I used the Kim to do touch tone decoding (with external tone filters), Morse code sender, ham radio repeater controller, Morse code decoder (didn't entirely work -- I had two different programs that communicated but I could only load one at a time into the 1K of RAM), telephone speed-dialer. It was lots of fun. i/o is important! The KIM could execute hundreds of thousands of instructions per second. That means that I could spend an hour entering a 1K program and it could run through the entire thing a hundred times (or do loops or whatnot) in under a second. This was plenty fast considering I was never doing math. Most of my technology was in the use and timing of delay loops. I never used serial i/o on this device, just buttons and sensors in and out. I also made noises by toggling the output lines and driving a speaker through an amp.

One limitation of this device was storage of the programs. The tape cassette interface was pretty good but in practice it wasn't reliable. I would always hand write my assembly language, and hand compile it, into a notebook. Then I'd just be ready to type the program in again at need.

My parents moved us to Nassau Bay, Texas and 3 months later I started at Clarkson College in northern NY. My major was E.E.

Nov 1979

I sold the KIM-1 to help fund the purchase of the best stereo speakers in my dorm after finding out about wire wrap from my brother. He offered me a Tarbell basic in ROM if I built my own z80 machine. He even gave me a schematic, a pile of wirewrap sockets, prototyping wirewrap board, wire and a wirewrapping pencil.

May 1980

After two semesters I gave up on the EE curriculum. Apparently EEs at clarkson (in 1980) didn't get much digital until junior year and spent precious little time with programming. I wanted to program early and often so I started taking computer science courses.

July 1980

For a summer job I worked at a company called Videk, a division of Exxon (later renamed to Exxon Office Systems). My job was mostly grunt work although I did get a few weeks of programming in FORTRAN, and met some engineers including some hams that I still talk to.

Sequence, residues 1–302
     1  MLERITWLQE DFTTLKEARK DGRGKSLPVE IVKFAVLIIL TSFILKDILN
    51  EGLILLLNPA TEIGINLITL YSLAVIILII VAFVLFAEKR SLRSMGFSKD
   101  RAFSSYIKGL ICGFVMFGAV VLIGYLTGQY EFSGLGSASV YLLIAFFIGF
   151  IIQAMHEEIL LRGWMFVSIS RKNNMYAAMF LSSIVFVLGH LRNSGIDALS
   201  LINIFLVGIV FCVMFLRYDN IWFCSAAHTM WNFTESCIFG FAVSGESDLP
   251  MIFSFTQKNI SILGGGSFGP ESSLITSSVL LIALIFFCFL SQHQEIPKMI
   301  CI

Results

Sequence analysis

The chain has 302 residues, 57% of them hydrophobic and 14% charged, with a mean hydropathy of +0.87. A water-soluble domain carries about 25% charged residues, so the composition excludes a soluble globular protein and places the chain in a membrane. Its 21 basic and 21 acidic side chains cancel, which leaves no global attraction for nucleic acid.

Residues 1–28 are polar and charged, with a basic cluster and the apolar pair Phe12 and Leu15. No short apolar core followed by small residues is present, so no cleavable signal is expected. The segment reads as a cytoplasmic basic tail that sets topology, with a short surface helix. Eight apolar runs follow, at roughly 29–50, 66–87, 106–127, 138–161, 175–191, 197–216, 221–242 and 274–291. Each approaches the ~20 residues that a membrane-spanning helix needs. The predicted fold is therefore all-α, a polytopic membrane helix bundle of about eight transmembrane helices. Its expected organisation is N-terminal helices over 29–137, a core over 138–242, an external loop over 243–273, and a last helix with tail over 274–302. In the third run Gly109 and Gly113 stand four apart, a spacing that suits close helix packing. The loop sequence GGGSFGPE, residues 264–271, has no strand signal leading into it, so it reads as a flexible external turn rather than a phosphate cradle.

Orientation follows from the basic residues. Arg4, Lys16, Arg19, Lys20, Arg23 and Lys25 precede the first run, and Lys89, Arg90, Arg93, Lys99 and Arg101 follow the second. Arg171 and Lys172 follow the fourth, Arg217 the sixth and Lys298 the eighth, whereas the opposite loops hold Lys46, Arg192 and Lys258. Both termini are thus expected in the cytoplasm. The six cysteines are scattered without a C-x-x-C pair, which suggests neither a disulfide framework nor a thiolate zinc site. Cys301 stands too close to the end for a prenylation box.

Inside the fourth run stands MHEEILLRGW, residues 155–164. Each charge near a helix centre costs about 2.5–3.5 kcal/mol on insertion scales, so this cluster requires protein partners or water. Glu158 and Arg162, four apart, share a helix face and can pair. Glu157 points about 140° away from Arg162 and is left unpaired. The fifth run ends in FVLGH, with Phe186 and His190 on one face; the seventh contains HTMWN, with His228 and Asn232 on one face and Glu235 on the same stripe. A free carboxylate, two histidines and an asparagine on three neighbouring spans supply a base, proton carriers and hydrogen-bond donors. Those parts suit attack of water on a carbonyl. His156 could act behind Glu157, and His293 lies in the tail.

I acquired my first synthesizer frequency controlled ham radio which was a walkie-talkie for the 146Mhz FM band. This was a Tempo S-1.

One visit to Heathkit in Fairlawn NJ, drooling over LSI-11 computers, I saw that they had a used H9 dumb terminal. I figured that I could use that for some computer project and it was cheap (under $100 as I recall) so I bought it.

Sept 1980

During my sophomore year Clarkson ditched the IBM360/65 batch processing computer (R.O.S.C.O.E.) and replaced it with M.U.S.I.C. which was an interactive time-sharing machine based on an IBM4341.
With M.U.S.I.C. we had compilers for several languages including BASIC, PASCAL, PL1, FORTRAN, WATFIV, COBOL and others I didn't use.

The process of creating programs was to use a line editor. It used a command line and had instructions which were a single character followed by parameters. Examples included R KK k which would replace KK with k in the current line. You could select which line would be affected and you could display groups of lines. You could also insert new lines. There were probably 50 commands available, in upper and lower case.

The MUSIC system actually had several editors. Some were easier to learn but less powerful. There was also a 'screen' editor that only worked on the IBM 1378 (?) 'smart' terminals. Those terminals were hooked up to the computer by a much higher bandwidth connection. There was only one of these terminals available to the students while there were dozens of Lear Siegler ADM3A 'dumb' terminals which could only use the line editors. The ADM3As were run at a relatively low baud rate, 1200baud as I recall. The screen editor let you use cursor controls to move up and down and left and right in the file you were editing. With a line editor all you could do was insert new lines, and then use command line commands to make changes to lines.